We include products we think are useful for our readers. If you buy through links on this page, we may earn a small commission Here’s our process.

Healthline only shows you brands and products that we stand behind.

Our team thoroughly researches and evaluates the recommendations we make on our site. To establish that the product manufacturers addressed safety and efficacy standards, we:
  • Evaluate ingredients and composition: Do they have the potential to cause harm?
  • Fact-check all health claims: Do they align with the current body of scientific evidence?
  • Assess the brand: Does it operate with integrity and adhere to industry best practices?
We do the research so you can find trusted products for your health and wellness.
Was this helpful?

An itchy rash typically occurs after you contract HIV. It commonly appears on the face and chest but can appear in other places as well. Certain HIV medications may also cause rashes, including serious ones.

Rash as an early symptom of HIV

A rash is a symptom of HIV that usually occurs within the first two months after contracting the virus. Like other initial symptoms of HIV, it’s easy to mistake this rash for a symptom of another viral infection. Therefore, it’s important to learn how to identify this rash and how to treat it.

According to UC San Diego Health, 90 percent of people who are living with HIV experience skin symptoms and changes at some stage of the disease.

The rash can develop because of conditions caused by HIV, or it can be a side effect of medications that treat HIV, called antiretroviral drugs.

Medication alert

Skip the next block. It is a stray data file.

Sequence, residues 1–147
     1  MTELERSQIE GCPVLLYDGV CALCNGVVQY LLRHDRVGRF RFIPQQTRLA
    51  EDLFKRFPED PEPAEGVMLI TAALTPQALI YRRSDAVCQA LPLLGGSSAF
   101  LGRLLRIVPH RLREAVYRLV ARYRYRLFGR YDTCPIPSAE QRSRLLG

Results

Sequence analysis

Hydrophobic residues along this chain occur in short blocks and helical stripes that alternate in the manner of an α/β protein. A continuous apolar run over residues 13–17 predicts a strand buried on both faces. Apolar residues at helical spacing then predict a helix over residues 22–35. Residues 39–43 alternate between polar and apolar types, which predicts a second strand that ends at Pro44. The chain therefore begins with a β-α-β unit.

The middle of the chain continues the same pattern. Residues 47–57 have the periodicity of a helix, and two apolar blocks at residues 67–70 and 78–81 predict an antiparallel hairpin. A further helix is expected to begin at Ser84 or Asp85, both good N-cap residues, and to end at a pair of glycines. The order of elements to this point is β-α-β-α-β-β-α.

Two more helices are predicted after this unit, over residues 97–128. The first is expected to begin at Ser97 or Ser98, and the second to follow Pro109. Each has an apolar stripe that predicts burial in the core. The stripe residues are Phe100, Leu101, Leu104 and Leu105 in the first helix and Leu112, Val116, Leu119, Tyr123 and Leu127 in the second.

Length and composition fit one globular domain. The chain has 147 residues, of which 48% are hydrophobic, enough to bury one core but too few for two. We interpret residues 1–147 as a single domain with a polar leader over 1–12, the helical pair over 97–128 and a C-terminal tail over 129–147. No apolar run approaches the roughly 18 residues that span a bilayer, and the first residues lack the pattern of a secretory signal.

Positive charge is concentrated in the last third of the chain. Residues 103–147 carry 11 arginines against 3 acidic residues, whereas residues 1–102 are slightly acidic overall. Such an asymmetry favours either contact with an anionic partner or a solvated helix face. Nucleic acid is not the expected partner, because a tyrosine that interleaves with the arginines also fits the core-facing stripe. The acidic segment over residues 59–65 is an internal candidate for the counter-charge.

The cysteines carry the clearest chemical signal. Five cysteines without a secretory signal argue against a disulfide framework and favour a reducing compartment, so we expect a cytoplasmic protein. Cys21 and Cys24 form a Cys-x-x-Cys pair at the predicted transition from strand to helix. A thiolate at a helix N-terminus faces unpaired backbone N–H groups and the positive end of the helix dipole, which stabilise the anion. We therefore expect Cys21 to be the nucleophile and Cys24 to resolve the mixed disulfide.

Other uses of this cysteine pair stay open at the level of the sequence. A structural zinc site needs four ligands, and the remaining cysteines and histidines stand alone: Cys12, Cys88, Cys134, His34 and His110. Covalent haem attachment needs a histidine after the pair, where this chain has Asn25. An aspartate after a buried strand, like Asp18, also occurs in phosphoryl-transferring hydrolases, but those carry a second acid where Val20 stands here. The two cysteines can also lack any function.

The U.S. Department of Health and Human Services reports that three main classes of antiretroviral drugs are responsible for causing skin rashes:

NNRTIs such as nevirapine (Viramune) are the most common cause of medication skin rashes. Abacavir (Ziagen) is an NRTI drug that can cause skin rashes. The most likely PIs to cause rashes are amprenavir (Agenerase) and tipranavir (Aptivus).

Whether caused by an HIV medication or by HIV itself, the rash typically appears as a red, flattened area on the skin that’s usually covered with small red bumps.

A main symptom of the rash is itchiness. It can show up on any part of the body, but it most often occurs on the face and chest, and sometimes on the feet and hands. It can also cause mouth ulcers.

Range of severity

Some HIV rashes are mild. Other rashes can cause serious damage to the skin, causing them to be life-threatening.

One rare but potentially serious skin rash that can develop through the use of antiretroviral drugs is Stevens-Johnson syndrome (SJS). When this condition covers 30 percent of the body, it’s called toxic epidermal necrolysis. The symptoms of SJS include:

  • blisters on the skin and mucous membranes
  • a rash that develops quickly
  • fever
  • swelling of the tongue

Advances in viral control and immune system preservation have made skin problems less severe and less common. Skin problems that occur due to HIV have also become easier to treat.

The most common form of treatment to manage HIV rash is medication. Depending on the cause of the rash, over-the-counter drugs such as hydrocortisone cream or diphenhydramine (Benadryl) may be helpful for reducing itchiness and rash size. More serious rashes may require prescription medication from a healthcare provider.

Lifestyle changes

In addition to medication, some lifestyle changes may help alleviate the symptoms of the mild form of this rash. Avoiding heat and direct sunlight can improve some rashes. Hot showers and baths can make the rash worse.

Sometimes, starting a new medication, trying a new soap, or eating a particular food may coincide with the development of a rash. In this case, it’s possible an allergy may be the cause. People living with HIV should contact their healthcare provider if they notice a rash and are not sure about the cause.

Someone who is unsure about the cause of their rash and thinks that they may have been exposed to HIV should make an appointment with their healthcare provider. Let them know of any skin changes that have developed. This will help the healthcare provider make a diagnosis.

Read this article in Spanish.